I don't think there's going to be some peer reviewed study that you can rely on or a simple empirical model to draw from; even to the extent that such a thing might exist, proving that the data fits your situation might be pretty hard. The fact that such model fitting is so impractical is the reason that business tends to rely so much on surveying "case studies" of what is usually a single company or team that changes practice x to y (or supplier a to b). The narrative fallacy is often at work, but it's one of the few tools that have any sort of traction outside of pseudoscientific neo-Taylorism, because people have an incredibly good pattern matching ability and have an intuition (whether justified or not by other data) whether a given case study has any lesson transferable to their situation. I think this sort of case study dependence can be as intellectually bankrupt as "scientific management" was, but that won't stop people from using them.
The thing to measure really is development friction. You won't be able to predict exactly how a strong domain model can affect velocity, but if you start with an anemic domain model and start encouraging moving more business logic from service layers into the domain layer, and encourage frequent refactoring as you gain a better understanding of the domain, you can at least draw comparisons of velocity (if you're using something like story points to approximately measure task complexity), or customer satisfaction, or fragility of the system, or test coverage, or whatever resonates with your organization.
Based on my experience, I'd guess you'll find some initial hurdles as you start changing practices, as you'll likely have to deal with some nasty side effects and existing technical debt, but that you'll have a long term payoff if you make progressive investments in a real domain layer.
If you're trying to make the case that you need to move away from an anemic domain model, the best thing to do is provide data on what's hard to change now, what customer requests take longer than they should because you have to change code in four different places instead of one, for example. As I frequently argue, the best case for change is identifying the pain points of the existing system; working code will start winning any arguments about whether you're on the right path. Rather than focusing on delivering cost estimates, focus on a narrow scenario that you need to deliver near term business value on, and start attacking the problem by firming up the domain model.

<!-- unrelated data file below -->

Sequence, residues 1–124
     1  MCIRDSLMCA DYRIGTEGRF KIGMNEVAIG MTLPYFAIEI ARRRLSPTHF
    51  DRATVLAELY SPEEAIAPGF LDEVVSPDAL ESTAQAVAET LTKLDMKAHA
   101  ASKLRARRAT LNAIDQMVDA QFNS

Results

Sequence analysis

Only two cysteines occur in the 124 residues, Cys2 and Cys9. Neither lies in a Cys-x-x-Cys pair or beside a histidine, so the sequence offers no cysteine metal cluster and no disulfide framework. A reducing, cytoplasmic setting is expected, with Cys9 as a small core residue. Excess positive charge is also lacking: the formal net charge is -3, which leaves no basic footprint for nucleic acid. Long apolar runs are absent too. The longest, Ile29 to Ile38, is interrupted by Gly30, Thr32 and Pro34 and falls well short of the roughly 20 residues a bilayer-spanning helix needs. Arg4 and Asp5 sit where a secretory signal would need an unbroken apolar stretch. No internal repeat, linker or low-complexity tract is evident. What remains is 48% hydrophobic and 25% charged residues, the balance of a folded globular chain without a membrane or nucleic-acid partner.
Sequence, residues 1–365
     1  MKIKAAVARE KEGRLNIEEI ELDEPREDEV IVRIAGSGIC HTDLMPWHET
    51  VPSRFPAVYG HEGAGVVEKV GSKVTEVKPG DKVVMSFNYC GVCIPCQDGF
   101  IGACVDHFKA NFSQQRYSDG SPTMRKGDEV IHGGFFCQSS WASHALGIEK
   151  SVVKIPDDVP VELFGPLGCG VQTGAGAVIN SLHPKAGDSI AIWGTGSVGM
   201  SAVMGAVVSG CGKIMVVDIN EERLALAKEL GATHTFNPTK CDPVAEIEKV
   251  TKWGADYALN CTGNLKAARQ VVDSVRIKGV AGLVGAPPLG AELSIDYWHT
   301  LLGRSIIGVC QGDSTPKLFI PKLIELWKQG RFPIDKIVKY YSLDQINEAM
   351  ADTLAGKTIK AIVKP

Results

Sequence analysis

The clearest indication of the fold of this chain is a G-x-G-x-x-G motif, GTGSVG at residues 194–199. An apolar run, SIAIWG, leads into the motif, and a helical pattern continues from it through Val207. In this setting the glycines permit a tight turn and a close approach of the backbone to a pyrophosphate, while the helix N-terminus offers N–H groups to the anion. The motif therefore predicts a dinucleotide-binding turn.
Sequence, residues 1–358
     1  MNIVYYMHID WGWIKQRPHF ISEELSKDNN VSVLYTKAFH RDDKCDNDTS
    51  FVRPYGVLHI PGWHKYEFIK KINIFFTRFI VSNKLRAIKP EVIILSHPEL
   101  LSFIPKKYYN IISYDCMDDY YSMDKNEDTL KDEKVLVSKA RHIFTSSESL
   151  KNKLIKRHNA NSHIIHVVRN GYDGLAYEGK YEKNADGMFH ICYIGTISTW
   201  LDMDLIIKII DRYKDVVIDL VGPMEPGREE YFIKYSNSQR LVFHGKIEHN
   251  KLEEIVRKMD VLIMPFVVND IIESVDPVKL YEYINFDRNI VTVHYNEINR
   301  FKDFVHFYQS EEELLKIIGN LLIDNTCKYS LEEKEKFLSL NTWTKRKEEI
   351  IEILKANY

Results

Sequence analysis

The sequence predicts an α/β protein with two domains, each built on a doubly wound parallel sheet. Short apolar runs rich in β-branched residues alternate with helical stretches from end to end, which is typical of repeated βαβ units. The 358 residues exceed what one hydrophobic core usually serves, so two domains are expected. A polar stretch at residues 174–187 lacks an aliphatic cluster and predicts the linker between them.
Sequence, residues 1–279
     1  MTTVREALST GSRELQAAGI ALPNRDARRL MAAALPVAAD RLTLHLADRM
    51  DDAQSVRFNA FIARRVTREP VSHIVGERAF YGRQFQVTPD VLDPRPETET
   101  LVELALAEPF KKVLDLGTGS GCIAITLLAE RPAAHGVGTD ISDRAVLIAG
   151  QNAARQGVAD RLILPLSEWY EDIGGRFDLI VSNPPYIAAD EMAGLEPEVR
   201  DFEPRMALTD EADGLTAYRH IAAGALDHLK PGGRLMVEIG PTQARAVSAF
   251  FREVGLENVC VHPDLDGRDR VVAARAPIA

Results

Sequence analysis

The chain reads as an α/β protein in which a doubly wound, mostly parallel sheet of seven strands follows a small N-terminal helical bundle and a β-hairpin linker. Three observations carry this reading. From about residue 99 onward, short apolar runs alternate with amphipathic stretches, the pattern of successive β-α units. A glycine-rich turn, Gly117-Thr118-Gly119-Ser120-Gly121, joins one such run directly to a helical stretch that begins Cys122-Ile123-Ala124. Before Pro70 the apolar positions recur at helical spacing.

To be case-study-ish without naming specific companies that I've dealt with this problem in, here are some problems that projects I've worked on with anemic domain models had:
- Duplicated or slightly divergent business logic in multiple layers of the system, not enforced at the domain layer.
- Poor developer understanding of business rules, because the actual business logic is spread around the system. This alone tends to result in lots of bugs.
- Slow turnaround time on feature enhancements, or major functional regressions and bugs as a result of new feature work.
- Unexpected side effects of code changes. (Typically, some bit of code assumes that some other part of the system kicks off some sort of asynchronous process or autonomous transaction, but doesn't have a way of verifying that it occurred, and a new developer doesn't know about this behavior or an existing developer forgets about it).
- A big divergence between the way developers talk about the system and the way users talk about it, resulting in cognitive friction when trying to make sense of new requirements.